Three Gillings School of Global Public Health faculty members are among the most-cited researchers in the sciences and social sciences, according to data collected by Thomson Reuters. They are Gerardo Heiss, MD, PhD, Kenan Distinguished Professor of EPI; Yun Li, PhD, assistant professor of BIOS and of genetics (UNC School of Medicine); and Barry Popkin, PhD, W.R. Kenan Jr. Distinguished Professor of NUTR. About 3,200 researchers earned the distinction by writing the greatest number of reports officially designated as highly-cited papers, thereby being ranked within the top one percent most cited for their subject field and year of publication.
Pam Silberman, JD, DrPH, immediate past president of the North Carolina Institute of Medicine and clinical professor of HPM, received the North Carolina Hospital Association’s 2014 Meritorious Service Award. The prize is given each year to recognize outstanding service to the field of health care.
Gary G. Koch, PhD, BIOS professor, was named recipient of the American Statistical Society’s 2014 Karl E. Peace Award for Outstanding Statistical Contributions for the Betterment of Society.
BIOS graduate students Avner Halevy and Nicolas Ballarini led a Gillings School production team that tied for first place in the American Statistical Association’s “You’ve Got Talent!” contest. The finalists performed during the Joint Statistical Meetings in August, in Boston. See video at tinyurl.com/UNC-Gillings-statistical-love.
Jianwen Cai, PhD, professor and vice chair of BIOS, was elected to lead the International Biometric Society’s (IBS) Eastern North American Region (ENAR), the international biostatistics professional organization. Cai will take office as president-elect on Jan. 1, 2015, and will serve successive years (2016–2017) as president and past-president. A number of Gillings School biostatistics faculty have held the three-year leader-ship role in ENAR, most recently Amy Herring, ScD, professor and associate department chair, who served from 2010 to 2012.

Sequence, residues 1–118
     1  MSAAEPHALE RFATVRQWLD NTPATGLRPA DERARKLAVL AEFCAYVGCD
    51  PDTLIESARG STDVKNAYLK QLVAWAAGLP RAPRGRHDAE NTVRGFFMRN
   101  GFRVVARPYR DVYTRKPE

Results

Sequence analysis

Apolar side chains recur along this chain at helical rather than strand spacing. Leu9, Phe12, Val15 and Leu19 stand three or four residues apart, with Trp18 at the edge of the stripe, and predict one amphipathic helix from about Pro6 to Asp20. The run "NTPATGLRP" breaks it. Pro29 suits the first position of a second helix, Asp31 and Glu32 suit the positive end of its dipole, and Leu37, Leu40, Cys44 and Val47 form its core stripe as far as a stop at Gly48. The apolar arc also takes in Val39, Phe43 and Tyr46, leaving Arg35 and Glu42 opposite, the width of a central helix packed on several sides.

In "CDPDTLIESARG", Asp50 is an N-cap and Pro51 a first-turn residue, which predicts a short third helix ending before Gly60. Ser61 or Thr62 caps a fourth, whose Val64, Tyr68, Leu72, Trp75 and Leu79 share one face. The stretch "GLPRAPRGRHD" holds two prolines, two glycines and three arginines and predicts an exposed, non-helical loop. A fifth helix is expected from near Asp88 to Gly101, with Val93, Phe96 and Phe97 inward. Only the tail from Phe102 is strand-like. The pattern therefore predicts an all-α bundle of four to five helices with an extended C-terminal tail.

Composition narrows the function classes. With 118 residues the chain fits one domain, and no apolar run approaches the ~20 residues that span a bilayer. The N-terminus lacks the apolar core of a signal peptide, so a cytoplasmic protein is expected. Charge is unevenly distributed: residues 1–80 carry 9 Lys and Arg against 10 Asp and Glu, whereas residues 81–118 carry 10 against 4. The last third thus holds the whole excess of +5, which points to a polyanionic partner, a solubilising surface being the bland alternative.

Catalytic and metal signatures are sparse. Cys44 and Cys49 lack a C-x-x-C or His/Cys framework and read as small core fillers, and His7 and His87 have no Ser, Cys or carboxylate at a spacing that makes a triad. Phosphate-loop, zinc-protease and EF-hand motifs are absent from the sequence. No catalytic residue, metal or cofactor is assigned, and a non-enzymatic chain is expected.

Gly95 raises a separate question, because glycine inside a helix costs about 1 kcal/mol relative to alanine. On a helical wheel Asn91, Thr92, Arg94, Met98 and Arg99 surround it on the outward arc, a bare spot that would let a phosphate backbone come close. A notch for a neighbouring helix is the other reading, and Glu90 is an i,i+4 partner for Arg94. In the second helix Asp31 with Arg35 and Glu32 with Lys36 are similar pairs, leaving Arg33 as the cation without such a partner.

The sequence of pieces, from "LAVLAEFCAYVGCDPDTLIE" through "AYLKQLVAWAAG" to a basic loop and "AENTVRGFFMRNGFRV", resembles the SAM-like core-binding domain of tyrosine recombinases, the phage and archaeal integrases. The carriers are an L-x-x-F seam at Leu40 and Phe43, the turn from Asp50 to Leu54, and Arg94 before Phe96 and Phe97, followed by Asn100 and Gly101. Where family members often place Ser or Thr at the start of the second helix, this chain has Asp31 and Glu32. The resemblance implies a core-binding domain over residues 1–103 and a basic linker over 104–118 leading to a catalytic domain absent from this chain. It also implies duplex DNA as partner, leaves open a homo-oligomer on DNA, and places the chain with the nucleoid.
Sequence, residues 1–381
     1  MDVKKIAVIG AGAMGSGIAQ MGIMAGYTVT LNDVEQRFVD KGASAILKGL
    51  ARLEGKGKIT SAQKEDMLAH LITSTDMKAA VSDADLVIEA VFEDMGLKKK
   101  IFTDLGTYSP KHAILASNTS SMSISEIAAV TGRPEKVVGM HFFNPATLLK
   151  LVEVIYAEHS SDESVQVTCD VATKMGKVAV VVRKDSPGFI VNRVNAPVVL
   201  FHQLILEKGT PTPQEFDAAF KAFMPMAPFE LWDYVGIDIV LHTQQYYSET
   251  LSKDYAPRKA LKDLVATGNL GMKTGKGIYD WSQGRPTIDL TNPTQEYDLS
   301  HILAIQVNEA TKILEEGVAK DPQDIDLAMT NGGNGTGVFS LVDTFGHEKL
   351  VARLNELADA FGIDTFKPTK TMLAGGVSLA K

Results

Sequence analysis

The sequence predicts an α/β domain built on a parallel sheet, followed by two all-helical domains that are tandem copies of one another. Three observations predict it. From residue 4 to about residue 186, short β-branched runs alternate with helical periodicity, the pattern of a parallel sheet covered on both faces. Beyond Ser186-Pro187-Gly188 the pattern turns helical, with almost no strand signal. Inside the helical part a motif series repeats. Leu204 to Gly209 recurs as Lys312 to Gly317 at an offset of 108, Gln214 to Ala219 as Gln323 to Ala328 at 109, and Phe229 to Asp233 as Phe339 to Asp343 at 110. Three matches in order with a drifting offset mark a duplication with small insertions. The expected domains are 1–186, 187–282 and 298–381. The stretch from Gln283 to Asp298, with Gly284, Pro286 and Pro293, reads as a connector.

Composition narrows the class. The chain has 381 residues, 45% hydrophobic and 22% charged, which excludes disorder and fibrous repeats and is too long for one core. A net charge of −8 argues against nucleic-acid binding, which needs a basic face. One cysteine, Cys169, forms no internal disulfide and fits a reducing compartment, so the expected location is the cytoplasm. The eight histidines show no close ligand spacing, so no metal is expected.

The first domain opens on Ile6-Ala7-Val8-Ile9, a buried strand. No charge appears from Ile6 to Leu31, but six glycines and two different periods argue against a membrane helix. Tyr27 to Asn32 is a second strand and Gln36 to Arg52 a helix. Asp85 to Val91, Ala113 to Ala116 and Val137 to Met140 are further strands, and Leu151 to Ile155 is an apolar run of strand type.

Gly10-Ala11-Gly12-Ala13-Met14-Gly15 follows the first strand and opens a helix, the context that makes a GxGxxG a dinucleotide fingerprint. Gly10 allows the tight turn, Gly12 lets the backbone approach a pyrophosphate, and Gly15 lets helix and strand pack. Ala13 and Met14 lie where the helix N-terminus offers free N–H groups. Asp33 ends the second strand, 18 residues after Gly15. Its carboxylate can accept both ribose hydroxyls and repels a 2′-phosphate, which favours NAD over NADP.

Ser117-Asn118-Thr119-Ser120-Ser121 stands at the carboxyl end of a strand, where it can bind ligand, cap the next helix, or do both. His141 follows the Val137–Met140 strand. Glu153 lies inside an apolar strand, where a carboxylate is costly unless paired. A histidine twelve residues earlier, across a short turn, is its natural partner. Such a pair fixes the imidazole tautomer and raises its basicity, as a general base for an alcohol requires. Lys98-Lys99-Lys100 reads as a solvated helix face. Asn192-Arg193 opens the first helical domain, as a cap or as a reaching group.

Mark Holmes, PhD, HPM associate professor, was awarded UNC’s Phillip and Ruth Hettleman Prize for Artistic and Scholarly Achievement by Young Faculty in September. Holmes’ work focuses on rural health, comparative effectiveness and complex methods for policy analysis, particularly in relation to public health and health policy. He is recognized for visionary, innovative research that is grounded in economics and sheds light on issues relevant to health policy.
Carolina Public Health is a publication of the University of North Carolina at Chapel Hill Gillings School of Global Public Health. To view previous issues, please visit sph.unc.edu/cph.
September 25, 2023 Scientists from the Gillings School collaborated with N.C. public health experts on an issue of the North Carolina Medical Journal documenting common-sense community-based programs and people that are working to make firearm ownership safer in the state using evidence-based approaches to lower the probability of firearm-related injuries and deaths.